Youkilis also sent a buzz through the crowd with a nice defensive play in the fifth on a high bouncer by Yorvit Torrealba. Youkilis leaped for the ball and in one fluid motion started an inning-ending double play.

The White Sox erupted for nine more runs in the fifth, capitalizing on a two-out error by All-Star second baseman Ian Kinsler to score seven unearned runs. Alexei Ramirez, and Rios each had two-RBI singles and Pierzynski smashed a three-run home in the inning. Youkilis and Konerko also drove in runs.

Kinslers error on a ground ball by De Aza opened the floodgates and chased Oswalt from the game. Oswalt (2-1) allowed 11 runs -- nine earned -- on 13 hits with one walk and four strikeouts. He gave up three home runs and threw a wild pitch.

Chicago tacked on three more runs in the seventh to complete the scoring.

David Robertson, Nate Jones return to White Sox after WBC victory

David Robertson, Nate Jones return to White Sox after WBC victory

GLENDALE, Ariz. — Having experienced a playoff-like atmosphere at the World Baseball Classic, David Robertson and Nate Jones already feel prepared for the regular season.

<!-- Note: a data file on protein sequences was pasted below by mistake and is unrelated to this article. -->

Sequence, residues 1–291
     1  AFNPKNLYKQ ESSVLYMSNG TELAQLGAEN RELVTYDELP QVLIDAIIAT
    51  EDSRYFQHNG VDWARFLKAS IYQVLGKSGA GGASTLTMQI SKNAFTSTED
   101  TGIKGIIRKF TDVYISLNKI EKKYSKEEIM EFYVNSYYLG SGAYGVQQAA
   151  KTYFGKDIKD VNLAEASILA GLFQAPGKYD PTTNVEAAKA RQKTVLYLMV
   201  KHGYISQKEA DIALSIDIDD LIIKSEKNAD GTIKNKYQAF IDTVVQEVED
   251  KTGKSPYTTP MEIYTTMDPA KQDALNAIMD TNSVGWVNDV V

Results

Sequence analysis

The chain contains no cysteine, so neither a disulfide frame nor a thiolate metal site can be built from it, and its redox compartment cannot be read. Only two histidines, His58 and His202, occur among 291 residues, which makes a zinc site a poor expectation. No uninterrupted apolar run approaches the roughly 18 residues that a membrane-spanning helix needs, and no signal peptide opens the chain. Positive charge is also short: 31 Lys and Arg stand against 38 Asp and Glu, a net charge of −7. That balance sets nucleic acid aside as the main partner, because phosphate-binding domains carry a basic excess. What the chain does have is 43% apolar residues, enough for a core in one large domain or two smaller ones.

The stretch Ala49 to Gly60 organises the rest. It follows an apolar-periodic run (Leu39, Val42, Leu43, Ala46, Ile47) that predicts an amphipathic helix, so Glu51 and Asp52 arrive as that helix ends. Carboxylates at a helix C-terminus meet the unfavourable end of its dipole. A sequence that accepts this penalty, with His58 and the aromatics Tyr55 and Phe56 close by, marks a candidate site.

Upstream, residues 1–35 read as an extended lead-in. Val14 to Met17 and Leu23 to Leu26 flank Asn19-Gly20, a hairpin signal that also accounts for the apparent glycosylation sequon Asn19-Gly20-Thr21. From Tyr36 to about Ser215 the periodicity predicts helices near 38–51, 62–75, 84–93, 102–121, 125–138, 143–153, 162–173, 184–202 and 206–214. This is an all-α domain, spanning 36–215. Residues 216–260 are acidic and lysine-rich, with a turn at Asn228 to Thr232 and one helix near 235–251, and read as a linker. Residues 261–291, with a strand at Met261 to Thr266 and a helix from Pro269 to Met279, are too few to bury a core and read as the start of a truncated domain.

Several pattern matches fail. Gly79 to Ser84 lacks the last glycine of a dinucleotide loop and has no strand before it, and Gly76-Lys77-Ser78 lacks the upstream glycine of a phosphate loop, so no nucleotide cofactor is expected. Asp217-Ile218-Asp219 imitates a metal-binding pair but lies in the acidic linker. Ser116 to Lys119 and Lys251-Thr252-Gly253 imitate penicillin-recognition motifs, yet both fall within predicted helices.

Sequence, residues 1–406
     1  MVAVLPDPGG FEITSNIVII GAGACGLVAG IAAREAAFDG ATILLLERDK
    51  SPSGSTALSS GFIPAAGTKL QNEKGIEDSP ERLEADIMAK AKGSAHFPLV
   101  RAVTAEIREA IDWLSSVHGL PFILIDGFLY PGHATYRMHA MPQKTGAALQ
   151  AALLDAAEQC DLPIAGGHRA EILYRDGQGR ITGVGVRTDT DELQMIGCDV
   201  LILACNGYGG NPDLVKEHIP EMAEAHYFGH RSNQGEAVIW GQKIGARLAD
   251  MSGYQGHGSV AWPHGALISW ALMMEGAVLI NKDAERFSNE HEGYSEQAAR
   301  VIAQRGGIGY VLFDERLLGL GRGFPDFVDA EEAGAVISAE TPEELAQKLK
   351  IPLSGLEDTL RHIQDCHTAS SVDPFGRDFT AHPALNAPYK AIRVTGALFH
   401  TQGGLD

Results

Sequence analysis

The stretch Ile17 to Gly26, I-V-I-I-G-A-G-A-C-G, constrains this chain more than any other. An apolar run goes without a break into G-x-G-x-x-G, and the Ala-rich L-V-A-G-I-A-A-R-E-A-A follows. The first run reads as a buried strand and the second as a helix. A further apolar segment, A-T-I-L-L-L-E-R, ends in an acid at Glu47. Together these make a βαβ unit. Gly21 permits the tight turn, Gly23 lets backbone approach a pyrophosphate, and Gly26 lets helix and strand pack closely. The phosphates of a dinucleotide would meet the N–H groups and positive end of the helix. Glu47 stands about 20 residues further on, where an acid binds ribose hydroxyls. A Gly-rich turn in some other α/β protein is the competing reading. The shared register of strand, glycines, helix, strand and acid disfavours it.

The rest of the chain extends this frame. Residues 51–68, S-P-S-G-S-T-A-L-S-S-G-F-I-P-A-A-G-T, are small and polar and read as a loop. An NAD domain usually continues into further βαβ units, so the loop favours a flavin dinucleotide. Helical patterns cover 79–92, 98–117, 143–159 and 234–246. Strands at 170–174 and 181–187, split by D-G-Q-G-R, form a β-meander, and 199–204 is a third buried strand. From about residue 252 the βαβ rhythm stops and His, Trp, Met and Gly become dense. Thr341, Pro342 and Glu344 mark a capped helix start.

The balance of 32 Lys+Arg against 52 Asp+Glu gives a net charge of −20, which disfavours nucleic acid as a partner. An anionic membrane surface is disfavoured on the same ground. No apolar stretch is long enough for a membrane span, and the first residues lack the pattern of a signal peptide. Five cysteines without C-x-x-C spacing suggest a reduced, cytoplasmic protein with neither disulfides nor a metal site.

The two relievers returned to White Sox camp on Friday morning bearing gold medals from a Team USA WBC title run that concluded on Wednesday night with an 8-0 victory over Puerto Rico at Dodger Stadium in Los Angeles. Robertson, who recorded the final three outs of the clinching victory, said he's glad to be back and won't need much of a tune-up to be ready for the April 3 season opener.

"Back up to speed?" Robertson said. "More like slow down and get ready for the season. I'll probably play catch (Friday). I didn't throw (Thursday), I spent the day traveling. Probably play catch today, and be ready to throw (Saturday). If I needed to throw today, I could. I feel like I'm season ready right now."

"It feels good to be back. It's been a long trip doing this WBC, so it's good to be back and relax a little bit. Have a couple days before we start the season."

Both Jones and Robertson appeared four times each for Team USA with similar results. Each allowed a solo home run but nothing else. Jones said he brought his gold medal back to camp because he isn't yet ready to put it in his safety deposit box. His favorite moments of the tournament were brought on by raucous crowds.

"Once you get a crowd chanting USA that was a pretty cool moment," Jones said. "You're proud of representing your country, and once they did that, it all kind of set in, like, ‘Wow, this is happening.'